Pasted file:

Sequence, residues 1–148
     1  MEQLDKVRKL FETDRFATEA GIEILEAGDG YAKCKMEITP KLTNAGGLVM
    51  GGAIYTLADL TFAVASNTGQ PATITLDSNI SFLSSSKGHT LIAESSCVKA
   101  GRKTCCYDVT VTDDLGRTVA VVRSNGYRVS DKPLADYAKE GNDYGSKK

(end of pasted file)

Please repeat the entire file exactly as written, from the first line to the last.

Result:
Sequence, residues 1–148
     1  MEQLDKVRKL FETDRFATEA GIEILEAGDG YAKCKMEITP KLTNAGGLVM
    51  GGAIYTLADL TFAVASNTGQ PATITLDSNI SFLSSSKGHT LIAESSCVKA
   101  GRKTCCYDVT VTDDLGRTVA VVRSNGYRVS DKPLADYAKE GNDYGSKK